Continuing with our series on Farmers as Breeders, I present below a news report from today’s Indian Express. It introduces us to a few rice saviours who were awarded recently by the Plant Varieties Protection & Farmers Rights Authority. You would recall we had carried a small report on the award ceremony earlier. We need to applaud their effort, and also find out more such plant saviours.
Recognising and providing small incentives to these protectors of the genetic wealth is one good step, but what is the use if we don’t put these traditional varieties back in the public domain by conserving them in situ. The public sector research and development infrastructure must be used in promoting these strains before these are lost to posterity.
Meet the rice saviours
Four farmer communities from different parts of the country were recently felicitated by the Government for their efforts at preserving different original varieties of rice genomes. The communities are Vrihi Beej Binimoy Kendra (Bankura, West Bengal), Kuruchiya and Kuruma tribal communities (Wayanad, Kerala), tribal communities from Jharkhand, and P Narayanan Unny (Palakkad, Kerala).
At a time of depleting bio-diversity and the need for new varieties to sustain against climate change, the role of these farmer groups, who have preserved different original varieties of rice, is important as the genomes from the original varieties preserved by them can be used by scientists and private seed companies for development of new plant varieties with high productivity, heat tolerance, early maturity and superior quality.
The Vrihi Beej Binimoy Kendra, which is a consortium of farmers and scientists, has been actively engaged in conservation of several varieties of rice for over a decade. They were felicitated for their preservation of Jugal and Sateen varieties, which are multiple seeded rice land races. In fact, researchers at Kolkata’s Bose Institute had confirmed the unique original property of these varieties that could be useful for future development of rice varieties.
“We have been working for the preservation for different varieties of rice for over 13 years now. As a consortium, we sensitised the farmer communities in and around Bankura about the uniqueness of the varieties and thus the need for preserving them,” says Debal Deb of Vrihi, who along with colleagues Debu Dulal Bhattacharya and Subroto Das was felicitated for their active role in preserving rice varieties important for preserving the bio-diversity.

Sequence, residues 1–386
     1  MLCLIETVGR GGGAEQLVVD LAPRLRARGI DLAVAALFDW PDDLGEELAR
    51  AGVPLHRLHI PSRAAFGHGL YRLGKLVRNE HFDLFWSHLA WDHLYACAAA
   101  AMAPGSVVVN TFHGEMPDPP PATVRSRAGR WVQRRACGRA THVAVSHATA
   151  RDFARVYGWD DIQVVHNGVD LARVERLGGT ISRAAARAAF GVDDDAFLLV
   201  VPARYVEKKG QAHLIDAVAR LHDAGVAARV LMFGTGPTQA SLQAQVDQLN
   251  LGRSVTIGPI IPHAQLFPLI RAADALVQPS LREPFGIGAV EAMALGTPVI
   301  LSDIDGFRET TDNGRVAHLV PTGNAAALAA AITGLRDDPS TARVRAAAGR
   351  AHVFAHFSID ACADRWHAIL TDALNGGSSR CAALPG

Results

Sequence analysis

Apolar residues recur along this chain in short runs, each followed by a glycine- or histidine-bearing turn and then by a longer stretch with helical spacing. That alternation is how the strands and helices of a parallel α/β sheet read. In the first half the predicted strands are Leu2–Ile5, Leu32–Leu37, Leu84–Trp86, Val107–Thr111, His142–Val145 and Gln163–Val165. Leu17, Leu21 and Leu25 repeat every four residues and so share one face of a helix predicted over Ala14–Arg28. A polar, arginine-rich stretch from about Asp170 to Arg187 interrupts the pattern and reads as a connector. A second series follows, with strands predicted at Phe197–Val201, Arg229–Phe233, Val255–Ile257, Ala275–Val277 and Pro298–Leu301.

While Vrihi was a consortium engaged in preservation of rice varieties, P Narayanan Unny of Palakkad has been a kind of one-man army engaged in preserving the traditional Navara rice land races, which has been grown since long for its nutritional and medicinal value.
“I have been consciously engaged in preserving Navara variety in a family-owned farm for over 10 years. In fact, now over 30 farmers, covering a total of about 60 acre, have taken up Navara rice cultivation,” Unny said after Agriculture Minister Sharad Pawar awarded him last month. He said he would also try to sensitise farmers growing other crops to undertake conscious efforts to preserve plant varieties and contribute in maintaining the rich-biodiversity of the country.
The Kuruchiya and Kuruma tribal communities from Wayanad, who were felicitated, have conserved drought tolerant, flood tolerant and scented varieties of rice in their fields. Their varieties like Palthondi, Palveliyan, Thonooranthodi and Urunikaima are drought-tolerant and short-duration varieties cultivated in Kuni Vayal type of soils. They have also preserved flood-tolerant Marathondi, Chettuveliyan and Chenthadi varieties over the years.
Along with these tribal communities from Kerala, the tribal communities from Ranchi in Jharkhand were also felicitated for preservation of 19 varieties of rice over the years. Researchers have found that Hardim, Kalijiri, Bhatani, Sitwadhan, Swarna Gor, Sita Gora, Lamba Asari and Jhulat varieties had particular strains that made these varieties bacterial leaf resistant. The unique varieties were brought to light by the Gene Campaign Organisation, which persuaded these communities to get it registered with the government.
“These varieties were being sidelined by new varieties, but the Gene Campaign made us aware about the properties of our traditional varieties and consequently we started increased cultivation of our traditional varieties,” said Sumitra Devi.
The Protection of Plant Varieties and Farmers’ Right Authority, which came into being in 2005, has made provisions for recognising and providing incentives to farmers and communities for their role in protection of original varieties that could be used for future research and development.